European Parliament Study: framework for algorithmic accountability and transparency (pdf) and Annex (pdf):

"A significant factor in the adoption of algorithmic systems for decision-making is their capacity to process large amounts of varied data sets (i.e. big data), which can be paired with machine learning methods in order to infer statistical models directly from the data. The same properties of scale, complexity and autonomous model inference however are linked to increasing concerns that many of these systems are opaque to the people affected by their use and lack clear explanations for the decisions they make."

USA-GREECE: Memorandum of Cooperation on Implementing Greece’s Passenger Name Record Law (link):

"The use of PNR in traveler screening is an important part of Greece’s efforts to prevent terrorists, serious criminals, and other mala fide actors from traveling, in line with international and European Union obligations. Acknowledging this and other border security improvements and based on the memorandum, the U.S. Department of Homeland Security (DHS) will now initiate the process to restore the validity of the Electronic System for Travel Authorization (ESTA) for Greek citizens traveling to the United States under the Visa Waiver Program (VWP) for business or pleasure for stays of up to 90 days."

EU funds the sacking of rescue ships in the Mediterranean (link):

"The European Union has mandated Italy to set up several maritime control centres in Libya. The Coast Guard and Maritime Police will be linked to European surveillance systems, the authorities will communicate directly with Frontex. The project costs 46 million euros and starts in July. But the Libyan Coast Guard has since long been connected to Italian counterparts."

European Parliament: Briefing: Recasting the Return Directive (pdf):

"Taking into account the decrease in the EU return rate (45.8 % in 2016 and 36.6 % in 2017), and following European Council and Council calls to review the 2008 legal text to enhance the effectiveness of the EU return policy, the Commission has proposed a targeted recast of the directive aiming to 'reduce the length of return procedures, secure a better link between asylum and return procedures and ensure a more effective use of measures to prevent absconding'."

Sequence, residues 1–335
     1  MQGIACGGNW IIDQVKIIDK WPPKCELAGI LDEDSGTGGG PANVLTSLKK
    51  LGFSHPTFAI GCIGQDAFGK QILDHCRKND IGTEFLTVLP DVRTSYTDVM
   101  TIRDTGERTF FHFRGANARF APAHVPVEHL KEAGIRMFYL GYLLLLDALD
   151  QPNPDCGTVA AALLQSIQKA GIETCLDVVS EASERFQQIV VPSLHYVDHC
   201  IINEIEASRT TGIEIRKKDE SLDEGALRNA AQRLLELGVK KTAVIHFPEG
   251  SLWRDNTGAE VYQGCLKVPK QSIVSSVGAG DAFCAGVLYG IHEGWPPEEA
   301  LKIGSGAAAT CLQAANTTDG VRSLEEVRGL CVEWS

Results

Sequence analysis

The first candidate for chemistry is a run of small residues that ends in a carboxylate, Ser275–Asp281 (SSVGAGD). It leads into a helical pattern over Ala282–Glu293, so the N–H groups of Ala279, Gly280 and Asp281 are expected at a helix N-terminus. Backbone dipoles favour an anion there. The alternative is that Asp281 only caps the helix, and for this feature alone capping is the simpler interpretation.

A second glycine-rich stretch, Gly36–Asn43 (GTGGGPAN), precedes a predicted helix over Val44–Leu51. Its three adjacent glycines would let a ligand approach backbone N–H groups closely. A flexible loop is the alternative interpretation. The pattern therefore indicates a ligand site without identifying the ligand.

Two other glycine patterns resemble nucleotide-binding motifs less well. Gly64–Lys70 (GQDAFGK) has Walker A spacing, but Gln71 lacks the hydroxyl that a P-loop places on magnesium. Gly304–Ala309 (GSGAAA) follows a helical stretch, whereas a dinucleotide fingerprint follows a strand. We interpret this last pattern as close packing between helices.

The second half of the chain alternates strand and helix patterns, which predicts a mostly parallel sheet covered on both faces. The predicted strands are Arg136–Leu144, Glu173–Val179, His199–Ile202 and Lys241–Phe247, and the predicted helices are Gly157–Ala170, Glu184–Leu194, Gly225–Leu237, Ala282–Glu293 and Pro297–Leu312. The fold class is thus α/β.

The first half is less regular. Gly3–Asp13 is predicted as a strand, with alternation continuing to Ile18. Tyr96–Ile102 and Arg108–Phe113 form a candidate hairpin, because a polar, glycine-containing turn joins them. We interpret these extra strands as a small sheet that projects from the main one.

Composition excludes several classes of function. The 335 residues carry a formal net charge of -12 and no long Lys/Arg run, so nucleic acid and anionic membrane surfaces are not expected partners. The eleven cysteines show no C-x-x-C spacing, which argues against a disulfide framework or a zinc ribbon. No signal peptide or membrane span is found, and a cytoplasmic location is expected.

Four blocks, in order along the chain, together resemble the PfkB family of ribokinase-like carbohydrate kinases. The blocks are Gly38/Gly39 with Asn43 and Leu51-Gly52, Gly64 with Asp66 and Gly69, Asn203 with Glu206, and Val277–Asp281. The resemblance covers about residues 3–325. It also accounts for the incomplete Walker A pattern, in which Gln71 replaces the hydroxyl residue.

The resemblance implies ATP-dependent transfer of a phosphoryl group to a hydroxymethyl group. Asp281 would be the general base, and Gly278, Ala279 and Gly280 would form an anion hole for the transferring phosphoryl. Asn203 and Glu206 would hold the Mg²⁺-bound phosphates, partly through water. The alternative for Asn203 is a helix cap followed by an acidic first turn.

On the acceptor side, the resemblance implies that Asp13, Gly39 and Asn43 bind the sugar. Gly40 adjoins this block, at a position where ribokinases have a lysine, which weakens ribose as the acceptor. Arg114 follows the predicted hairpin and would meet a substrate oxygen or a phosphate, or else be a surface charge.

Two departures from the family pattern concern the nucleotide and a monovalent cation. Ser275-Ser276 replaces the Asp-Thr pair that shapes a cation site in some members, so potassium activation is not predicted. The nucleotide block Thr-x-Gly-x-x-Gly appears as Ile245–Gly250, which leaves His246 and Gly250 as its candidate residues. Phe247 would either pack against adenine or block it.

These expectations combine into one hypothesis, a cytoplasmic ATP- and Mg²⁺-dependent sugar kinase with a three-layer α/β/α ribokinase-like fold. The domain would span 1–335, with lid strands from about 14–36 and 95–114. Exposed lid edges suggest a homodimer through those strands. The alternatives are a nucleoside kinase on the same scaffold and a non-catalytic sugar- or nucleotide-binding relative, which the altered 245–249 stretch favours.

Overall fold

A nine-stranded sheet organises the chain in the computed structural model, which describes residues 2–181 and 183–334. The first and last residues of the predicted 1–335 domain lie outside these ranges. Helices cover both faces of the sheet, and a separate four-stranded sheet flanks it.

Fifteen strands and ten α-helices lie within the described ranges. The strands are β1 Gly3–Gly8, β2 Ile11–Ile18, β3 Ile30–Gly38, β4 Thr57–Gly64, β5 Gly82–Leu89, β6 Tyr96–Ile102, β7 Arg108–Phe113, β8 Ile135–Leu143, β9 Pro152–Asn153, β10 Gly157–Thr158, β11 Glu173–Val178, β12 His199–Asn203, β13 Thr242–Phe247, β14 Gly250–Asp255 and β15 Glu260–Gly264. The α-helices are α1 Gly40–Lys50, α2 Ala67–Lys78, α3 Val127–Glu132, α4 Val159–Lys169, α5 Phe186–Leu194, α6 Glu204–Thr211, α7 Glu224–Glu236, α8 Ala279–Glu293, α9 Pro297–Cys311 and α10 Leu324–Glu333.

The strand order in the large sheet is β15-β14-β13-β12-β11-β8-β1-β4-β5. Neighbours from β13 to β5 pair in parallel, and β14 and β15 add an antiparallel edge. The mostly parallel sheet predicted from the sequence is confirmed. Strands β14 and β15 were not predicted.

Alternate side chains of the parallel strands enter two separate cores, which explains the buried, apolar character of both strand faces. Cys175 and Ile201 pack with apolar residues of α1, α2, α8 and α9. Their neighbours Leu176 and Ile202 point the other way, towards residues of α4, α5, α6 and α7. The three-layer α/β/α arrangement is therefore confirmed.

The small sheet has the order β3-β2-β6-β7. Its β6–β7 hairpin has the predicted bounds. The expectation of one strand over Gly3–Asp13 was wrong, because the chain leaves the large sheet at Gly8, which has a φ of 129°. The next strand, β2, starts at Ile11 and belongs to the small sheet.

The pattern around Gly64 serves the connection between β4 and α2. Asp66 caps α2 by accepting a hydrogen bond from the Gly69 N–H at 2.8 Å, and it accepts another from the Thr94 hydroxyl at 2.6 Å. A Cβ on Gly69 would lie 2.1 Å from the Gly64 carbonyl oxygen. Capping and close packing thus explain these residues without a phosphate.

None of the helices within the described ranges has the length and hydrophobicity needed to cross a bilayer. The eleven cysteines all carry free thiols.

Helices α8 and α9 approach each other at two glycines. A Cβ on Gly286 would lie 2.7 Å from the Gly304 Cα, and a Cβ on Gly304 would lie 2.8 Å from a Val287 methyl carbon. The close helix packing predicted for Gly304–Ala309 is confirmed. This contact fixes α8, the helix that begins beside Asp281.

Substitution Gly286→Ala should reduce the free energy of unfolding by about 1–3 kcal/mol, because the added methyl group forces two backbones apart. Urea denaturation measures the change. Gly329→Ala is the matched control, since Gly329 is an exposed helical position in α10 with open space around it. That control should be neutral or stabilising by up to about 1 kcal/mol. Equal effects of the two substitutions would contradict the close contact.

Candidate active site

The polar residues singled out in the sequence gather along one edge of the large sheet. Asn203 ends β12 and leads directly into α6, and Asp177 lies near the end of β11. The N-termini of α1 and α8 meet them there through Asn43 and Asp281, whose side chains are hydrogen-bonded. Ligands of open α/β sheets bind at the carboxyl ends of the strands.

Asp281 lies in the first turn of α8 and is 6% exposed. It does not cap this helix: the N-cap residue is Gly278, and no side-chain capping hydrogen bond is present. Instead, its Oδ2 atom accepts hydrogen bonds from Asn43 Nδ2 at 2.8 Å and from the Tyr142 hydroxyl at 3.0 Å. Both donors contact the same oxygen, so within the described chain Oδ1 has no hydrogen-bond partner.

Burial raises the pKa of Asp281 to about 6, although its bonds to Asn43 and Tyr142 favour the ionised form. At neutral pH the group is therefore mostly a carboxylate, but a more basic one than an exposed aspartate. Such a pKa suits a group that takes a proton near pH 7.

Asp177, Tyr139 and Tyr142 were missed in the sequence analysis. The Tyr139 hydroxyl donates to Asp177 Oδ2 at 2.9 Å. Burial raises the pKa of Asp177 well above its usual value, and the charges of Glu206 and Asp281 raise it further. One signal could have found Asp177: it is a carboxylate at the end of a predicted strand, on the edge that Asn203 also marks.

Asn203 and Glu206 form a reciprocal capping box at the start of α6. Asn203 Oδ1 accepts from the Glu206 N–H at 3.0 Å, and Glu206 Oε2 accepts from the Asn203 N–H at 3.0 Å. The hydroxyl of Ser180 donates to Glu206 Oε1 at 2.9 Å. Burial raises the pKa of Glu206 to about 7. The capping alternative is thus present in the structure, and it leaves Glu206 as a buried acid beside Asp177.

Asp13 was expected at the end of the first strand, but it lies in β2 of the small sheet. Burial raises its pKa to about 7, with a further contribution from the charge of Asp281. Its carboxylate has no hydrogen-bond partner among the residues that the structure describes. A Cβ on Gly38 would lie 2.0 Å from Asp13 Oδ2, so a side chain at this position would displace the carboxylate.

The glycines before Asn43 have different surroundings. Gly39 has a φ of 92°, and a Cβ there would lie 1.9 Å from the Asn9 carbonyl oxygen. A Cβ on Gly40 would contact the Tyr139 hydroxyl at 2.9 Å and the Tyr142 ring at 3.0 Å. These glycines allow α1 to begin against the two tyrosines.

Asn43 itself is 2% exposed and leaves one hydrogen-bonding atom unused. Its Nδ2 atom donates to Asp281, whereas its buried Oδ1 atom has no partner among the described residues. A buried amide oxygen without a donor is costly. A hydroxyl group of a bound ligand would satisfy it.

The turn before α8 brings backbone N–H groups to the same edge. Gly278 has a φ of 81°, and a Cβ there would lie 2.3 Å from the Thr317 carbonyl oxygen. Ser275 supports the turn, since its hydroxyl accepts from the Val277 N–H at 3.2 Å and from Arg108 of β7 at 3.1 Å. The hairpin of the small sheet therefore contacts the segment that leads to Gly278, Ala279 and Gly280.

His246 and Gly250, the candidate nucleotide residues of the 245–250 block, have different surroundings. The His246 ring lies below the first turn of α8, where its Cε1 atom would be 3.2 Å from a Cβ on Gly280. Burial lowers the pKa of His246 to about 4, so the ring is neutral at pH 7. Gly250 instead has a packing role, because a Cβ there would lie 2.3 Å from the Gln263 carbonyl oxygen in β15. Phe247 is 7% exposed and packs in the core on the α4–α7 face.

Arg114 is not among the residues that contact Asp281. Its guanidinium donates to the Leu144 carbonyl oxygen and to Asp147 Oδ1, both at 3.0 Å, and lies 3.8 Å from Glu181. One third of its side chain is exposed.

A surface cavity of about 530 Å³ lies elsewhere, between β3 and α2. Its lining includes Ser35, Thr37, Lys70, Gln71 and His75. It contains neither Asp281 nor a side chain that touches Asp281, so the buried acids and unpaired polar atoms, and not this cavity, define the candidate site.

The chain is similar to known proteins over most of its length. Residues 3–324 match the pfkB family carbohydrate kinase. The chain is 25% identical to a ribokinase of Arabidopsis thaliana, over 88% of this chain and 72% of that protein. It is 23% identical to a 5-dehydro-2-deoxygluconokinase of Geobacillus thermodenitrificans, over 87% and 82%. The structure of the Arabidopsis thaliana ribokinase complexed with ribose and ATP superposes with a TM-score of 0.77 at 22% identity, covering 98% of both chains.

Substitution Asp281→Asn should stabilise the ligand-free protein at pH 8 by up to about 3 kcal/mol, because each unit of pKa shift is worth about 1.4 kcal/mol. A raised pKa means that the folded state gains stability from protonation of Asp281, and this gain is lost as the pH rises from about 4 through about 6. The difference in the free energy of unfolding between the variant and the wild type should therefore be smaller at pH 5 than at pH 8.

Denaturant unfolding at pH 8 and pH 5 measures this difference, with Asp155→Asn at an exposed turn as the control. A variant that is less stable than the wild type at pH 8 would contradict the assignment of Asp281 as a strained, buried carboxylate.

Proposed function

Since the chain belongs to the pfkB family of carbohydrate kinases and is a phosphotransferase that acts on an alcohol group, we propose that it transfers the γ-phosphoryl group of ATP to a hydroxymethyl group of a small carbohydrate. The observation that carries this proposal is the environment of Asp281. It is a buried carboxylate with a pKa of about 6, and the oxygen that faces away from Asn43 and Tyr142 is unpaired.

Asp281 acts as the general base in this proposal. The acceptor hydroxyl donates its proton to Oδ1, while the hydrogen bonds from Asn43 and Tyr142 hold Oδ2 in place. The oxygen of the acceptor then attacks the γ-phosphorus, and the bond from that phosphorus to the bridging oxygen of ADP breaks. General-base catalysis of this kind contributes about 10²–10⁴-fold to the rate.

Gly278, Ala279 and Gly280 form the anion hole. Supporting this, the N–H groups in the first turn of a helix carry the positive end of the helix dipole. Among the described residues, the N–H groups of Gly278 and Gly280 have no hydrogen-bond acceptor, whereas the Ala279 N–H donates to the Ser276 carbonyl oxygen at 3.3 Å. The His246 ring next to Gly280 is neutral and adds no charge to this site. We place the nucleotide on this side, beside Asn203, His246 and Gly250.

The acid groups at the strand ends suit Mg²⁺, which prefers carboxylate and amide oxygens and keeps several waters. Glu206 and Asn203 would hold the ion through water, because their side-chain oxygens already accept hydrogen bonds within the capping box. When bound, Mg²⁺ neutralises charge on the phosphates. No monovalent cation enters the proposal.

See also: Lock ‘em up: the proposal to amend the EU’s Returns Directive (EU Law Analysis, link) by Professor Steve Peers.

UK: Fighting Sus! then and now (IRR News, link) by Joseph Maggs:

"A new project Fighting Sus! brings the youth experience of racialised policing to the fore.

In Fighting Sus! a group of young people engage with past struggles against racist state violence and, with angry intelligence and politicised creativity, range themselves against its present manifestations. "

UK: Court of Appeal overturns draconian injunctions preventing protests against INEOS fracking activities (Garden Court Chambers, link):

"The Court of Appeal has today, 3 April 2019, given judgment in INEOS v PERSONS UNKNOWN and allowed appeals against injunctions that had been obtained on allegations of conspiracy to injure by unlawful means and in public nuisance. As a result of the court's decision, injunctions were discharged and the claims based on those allegations were dismissed. The court allowed injunctions preventing trespass and interference with land confined to particular sites to remain in force temporarily pending reconsideration by the High Court, but said that even those needed further consideration as to whether the appropriate test under section 12 of the Human Rights Act 1998 was met, and to consider time limiting those injunctions."

See: Full-text of the judgment ([2019] EWCA Civ 515, pdf)

EU: New Visa Code: Final text for plenary vote in the Parliament on 17 April 2019: Proposal for a REGULATION OF THE EUROPEAN PARLIAMENT AND OF THE COUNCIL amending Regulation (EC) No 810/2009 establishing a Community Code on Visas (Visa Code) (pdf)